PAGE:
As mentioned in previous blogs, my dyslexia/dyspraxia means the only way I can do my exams is by using speech recognition. Speech recognition software is trained specifically by each user and the hardware also has to be personalised. Changing the microphone or sound card can make the difference between good and terrible accuracy. For this reason, I’m allowed to use my own laptop in exams and there are rules put in place to prevent any suspicion of cheating. One of these regulations requires all of my documents to be taken off the computer prior to the exam – this led to one of my biggest computer catastrophes yet.
Pre-empting issues, I decided to move all of my work from the past year onto an external hard drive. To make sure the data was safe if something went wrong with the transfer, I decided to “copy” rather than “cut it”. This way, if anything did go wrong, I would still have a copy of all my work safe. After the files had finished copying across to the hard drive, I was left with one version on the hard drive and one on the computer. All I had to do now was delete the version on the computer.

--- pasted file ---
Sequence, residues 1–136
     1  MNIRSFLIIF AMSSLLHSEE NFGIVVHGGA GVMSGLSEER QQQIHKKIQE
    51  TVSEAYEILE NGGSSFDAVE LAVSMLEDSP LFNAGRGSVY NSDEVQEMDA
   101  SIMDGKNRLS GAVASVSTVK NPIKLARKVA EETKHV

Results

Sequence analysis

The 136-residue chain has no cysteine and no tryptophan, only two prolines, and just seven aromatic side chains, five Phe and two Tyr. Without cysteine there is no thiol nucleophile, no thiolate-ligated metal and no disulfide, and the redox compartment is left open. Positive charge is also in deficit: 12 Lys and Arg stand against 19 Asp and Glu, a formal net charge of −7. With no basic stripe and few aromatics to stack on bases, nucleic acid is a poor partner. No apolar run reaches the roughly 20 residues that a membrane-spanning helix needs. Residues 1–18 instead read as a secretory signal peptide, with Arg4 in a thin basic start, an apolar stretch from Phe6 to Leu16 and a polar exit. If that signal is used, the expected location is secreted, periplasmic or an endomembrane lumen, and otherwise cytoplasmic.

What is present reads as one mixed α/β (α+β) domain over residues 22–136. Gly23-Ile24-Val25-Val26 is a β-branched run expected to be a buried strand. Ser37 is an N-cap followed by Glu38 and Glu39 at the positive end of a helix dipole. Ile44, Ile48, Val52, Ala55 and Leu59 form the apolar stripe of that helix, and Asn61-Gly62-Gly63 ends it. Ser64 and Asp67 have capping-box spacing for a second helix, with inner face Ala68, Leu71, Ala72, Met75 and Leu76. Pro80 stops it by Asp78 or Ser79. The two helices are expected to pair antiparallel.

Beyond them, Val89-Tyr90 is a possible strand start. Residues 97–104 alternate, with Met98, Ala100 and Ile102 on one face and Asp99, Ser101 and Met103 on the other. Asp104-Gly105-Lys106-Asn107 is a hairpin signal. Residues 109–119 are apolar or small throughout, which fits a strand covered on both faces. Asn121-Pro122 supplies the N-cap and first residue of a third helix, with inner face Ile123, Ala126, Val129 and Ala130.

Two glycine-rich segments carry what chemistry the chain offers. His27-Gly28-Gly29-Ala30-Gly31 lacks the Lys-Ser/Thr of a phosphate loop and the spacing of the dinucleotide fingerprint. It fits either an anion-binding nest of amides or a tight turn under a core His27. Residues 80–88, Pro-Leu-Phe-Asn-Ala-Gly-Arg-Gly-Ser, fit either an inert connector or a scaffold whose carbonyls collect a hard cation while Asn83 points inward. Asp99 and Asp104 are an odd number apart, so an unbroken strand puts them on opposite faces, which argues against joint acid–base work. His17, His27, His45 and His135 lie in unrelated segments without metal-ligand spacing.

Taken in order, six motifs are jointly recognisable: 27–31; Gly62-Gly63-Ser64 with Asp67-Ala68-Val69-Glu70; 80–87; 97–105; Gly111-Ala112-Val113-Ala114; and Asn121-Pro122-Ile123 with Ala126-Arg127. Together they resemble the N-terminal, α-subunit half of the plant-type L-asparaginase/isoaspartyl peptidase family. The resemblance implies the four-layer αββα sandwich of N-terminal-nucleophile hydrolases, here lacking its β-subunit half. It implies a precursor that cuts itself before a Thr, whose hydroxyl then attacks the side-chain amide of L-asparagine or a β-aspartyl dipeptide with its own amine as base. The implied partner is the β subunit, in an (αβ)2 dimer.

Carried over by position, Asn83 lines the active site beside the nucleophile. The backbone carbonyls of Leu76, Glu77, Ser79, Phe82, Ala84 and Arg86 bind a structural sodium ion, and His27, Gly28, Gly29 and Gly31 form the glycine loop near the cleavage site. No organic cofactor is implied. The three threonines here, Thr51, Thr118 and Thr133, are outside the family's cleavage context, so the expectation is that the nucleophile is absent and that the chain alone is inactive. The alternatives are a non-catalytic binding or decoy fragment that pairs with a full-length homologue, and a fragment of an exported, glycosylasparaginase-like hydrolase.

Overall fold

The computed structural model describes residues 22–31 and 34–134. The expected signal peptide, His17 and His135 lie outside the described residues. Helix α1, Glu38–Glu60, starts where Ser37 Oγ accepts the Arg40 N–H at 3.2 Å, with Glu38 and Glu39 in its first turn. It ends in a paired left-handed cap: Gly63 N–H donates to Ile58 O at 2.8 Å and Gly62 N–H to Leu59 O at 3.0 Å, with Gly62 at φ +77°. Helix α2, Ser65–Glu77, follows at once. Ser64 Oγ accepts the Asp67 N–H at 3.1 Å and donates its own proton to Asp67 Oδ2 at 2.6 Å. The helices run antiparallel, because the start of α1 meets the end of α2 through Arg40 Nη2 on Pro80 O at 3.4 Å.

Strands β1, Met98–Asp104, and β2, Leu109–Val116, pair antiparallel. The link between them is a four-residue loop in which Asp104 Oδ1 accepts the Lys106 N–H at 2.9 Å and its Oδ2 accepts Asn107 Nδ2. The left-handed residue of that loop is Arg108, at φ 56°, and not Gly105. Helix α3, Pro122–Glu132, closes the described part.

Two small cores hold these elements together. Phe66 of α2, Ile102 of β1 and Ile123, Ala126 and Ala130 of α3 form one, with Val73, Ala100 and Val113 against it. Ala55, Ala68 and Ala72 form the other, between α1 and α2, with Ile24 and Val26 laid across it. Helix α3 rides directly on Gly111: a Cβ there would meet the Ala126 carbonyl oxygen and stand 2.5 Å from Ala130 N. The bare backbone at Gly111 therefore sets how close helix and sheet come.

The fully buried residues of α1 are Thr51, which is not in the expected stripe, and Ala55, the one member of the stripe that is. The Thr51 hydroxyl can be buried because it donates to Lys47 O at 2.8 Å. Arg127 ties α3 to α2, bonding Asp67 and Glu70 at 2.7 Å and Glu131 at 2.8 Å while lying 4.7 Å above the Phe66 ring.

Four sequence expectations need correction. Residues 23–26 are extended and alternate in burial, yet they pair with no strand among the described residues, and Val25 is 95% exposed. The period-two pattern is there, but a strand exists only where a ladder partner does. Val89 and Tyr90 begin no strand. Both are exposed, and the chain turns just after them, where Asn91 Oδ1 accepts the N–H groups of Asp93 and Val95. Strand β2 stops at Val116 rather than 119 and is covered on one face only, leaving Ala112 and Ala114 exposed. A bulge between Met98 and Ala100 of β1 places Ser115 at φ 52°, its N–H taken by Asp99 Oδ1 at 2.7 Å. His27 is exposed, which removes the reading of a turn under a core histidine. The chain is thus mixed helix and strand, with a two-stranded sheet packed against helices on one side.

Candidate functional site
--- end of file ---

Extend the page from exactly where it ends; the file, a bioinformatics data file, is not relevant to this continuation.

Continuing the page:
Unfortunately, the window from the hard drive and the window from the laptop are exactly the same colour and this caused me to get the two confused. Without thinking I deleted my documents folder stored on my external hard drive, leaving a copy on the laptop. I then looked at the window on my laptop and thought, “How peculiar, I could have sworn I deleted you!” So, I delete this version as well! And zap! All of my essays and notes disappeared. Disaster.
Thankfully, I was able to retrieve all my work but it made me think - if only different windows from different sources on computers had different colours, then there would be far less likelihood of me making this sort of stupid mistake. So, can the use of different colours help usability? Definitely. After all, we use this method for many other day to day items, such as plug wiring for instance, to make sure we can easily find what we need to without making mistakes!